The universe for this survey consists of the Quarterly Contribution Reports (QCR) filed by employers subject to State Unemployment Insurance (UI) laws.  The U.S. Bureau of Labor Statistics (BLS) receives these QCR for the Quarterly Census of Employment and Wages (QCEW) Program from the 50 States, the District of Columbia, Puerto Rico, and the U.S. Virgin Islands.  The QCEW data, which are compiled for each calendar quarter, provide a comprehensive business name and address file with employment, wage, detailed geography (i.e., county), and industry information at the six-digit North American Industry Classification System (NAICS) level.  This information is provided for nearly ten million business establishments of which about 7.7 million are in the scope of this survey.  The final data is stored in a Longitudinal Data Base (LDB), which is then used as a sampling frame for sample selection.  

Sample Size--The sample size is approximately 1.1 million establishments over a 3-year period.  The sample is divided into six panels over three years with two semi-annual samples of about 180,000 establishments selected each year.  

Sample Design

Allocation method--A variation of Neyman allocation procedure called a Power Allocation (Bankier, 1988)  is used to allocate the non-certainty sample to each State-/area/3-4-5-6-digit NAICS stratum.  The allocation methodology balances employment size of areas and industries with the variability of the occupational employment in each industry.  The use of the power allocation shifts sample away from very large areas and industries to medium and smaller ones allowing more comparable estimates for smaller domains.  

Sample Selection--Within each stratum, the sample is selected using probability proportional to estimated employment size with large units being selected with certainty.  Each semi-annual panel sample is designed to represent the frame.  Every attempt is made to ensure that private and local government establishments are only selected once every three years.  Consequently, each sampled establishment is assigned a sampling weight equal to the reciprocal of its probability of selection in the sample.  Note: Censuses of federal and state government are collected annually.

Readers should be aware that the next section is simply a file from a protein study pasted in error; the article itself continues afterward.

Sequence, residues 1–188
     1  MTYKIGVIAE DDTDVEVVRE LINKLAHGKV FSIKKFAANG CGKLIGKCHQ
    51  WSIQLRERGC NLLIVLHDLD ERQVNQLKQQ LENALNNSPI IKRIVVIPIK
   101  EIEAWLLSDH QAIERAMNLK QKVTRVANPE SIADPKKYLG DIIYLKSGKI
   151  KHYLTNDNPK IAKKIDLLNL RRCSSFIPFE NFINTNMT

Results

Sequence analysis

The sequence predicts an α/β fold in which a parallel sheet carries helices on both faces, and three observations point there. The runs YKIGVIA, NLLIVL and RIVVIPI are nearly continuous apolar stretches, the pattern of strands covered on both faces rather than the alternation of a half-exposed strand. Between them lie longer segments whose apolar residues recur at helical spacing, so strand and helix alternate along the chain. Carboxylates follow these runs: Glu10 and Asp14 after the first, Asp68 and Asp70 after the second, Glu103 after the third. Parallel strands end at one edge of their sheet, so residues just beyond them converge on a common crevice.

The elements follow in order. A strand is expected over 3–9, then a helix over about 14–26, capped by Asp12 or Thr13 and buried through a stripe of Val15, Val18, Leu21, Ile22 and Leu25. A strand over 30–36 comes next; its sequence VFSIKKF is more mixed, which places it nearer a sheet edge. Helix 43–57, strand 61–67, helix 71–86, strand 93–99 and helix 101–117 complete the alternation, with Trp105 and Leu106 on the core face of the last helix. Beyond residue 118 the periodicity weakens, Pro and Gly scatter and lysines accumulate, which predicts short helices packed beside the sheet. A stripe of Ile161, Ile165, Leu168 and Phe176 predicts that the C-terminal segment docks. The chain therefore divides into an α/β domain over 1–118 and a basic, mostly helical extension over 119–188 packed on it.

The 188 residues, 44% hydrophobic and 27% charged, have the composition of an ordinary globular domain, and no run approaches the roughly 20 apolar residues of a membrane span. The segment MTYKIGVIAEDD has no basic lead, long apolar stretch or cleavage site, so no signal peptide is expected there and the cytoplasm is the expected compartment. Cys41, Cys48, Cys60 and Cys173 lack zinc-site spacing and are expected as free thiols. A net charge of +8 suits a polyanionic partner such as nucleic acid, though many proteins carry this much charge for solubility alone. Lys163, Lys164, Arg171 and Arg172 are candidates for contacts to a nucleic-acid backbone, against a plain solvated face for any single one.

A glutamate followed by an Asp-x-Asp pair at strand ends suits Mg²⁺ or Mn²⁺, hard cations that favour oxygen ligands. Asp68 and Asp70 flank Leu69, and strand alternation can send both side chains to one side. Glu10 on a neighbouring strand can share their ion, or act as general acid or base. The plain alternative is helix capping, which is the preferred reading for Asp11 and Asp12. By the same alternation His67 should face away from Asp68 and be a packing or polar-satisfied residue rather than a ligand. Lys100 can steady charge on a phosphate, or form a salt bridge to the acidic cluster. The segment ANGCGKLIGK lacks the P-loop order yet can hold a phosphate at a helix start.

Occupational employment data from prior survey rounds are used by BLS-Washington to produce sample allocations that result in relative standard errors (RSE) on mean wages of 10 to 20 percent for the typical occupations in each MSA/ three-, four-, five-, or six-digit industry cell.  Mean wage estimates for typical occupations at higher aggregate levels of area and industry will have substantially smaller relative standard errors.

Frequency of Sampling--Each year, semiannual panels of about 180,000 to 190,000 establishments each are selected for the May and November reference periods.  

Sample Selection--Within each stratum, the sample is selected using probability proportional to estimated employment size with large units being selected with certainty.  Each semi-annual panel sample is designed to represent the frame.  Every attempt is made to ensure that private and local government establishments are only selected once every three years.  Consequently, each sampled establishment is assigned a sampling weight equal to the reciprocal of its probability of selection in the sample.  Note: Censuses of federal and state government are collected annually.

Occupational employment data from prior survey rounds are used by BLS-Washington to produce sample allocations that result in relative standard errors (RSE) on mean wages of 10 to 20 percent for the typical occupations in each MSA/ three-, four-, five-, or six-digit industry cell.  Mean wage estimates for typical occupations at higher aggregate levels of area and industry will have substantially smaller relative standard errors.

Frequency of Sampling--Each year, semiannual panels of about 180,000 to 190,000 establishments each are selected for the May and November reference periods.

For AEA members wishing to provide comments, "A Primer on How to Respond to Calls for Comment on Federal Data Collections" is available at https://www.aeaweb.org/content/file?id=5806  AEA staff support is available at areamer@gwu.edu and 202-994-7866.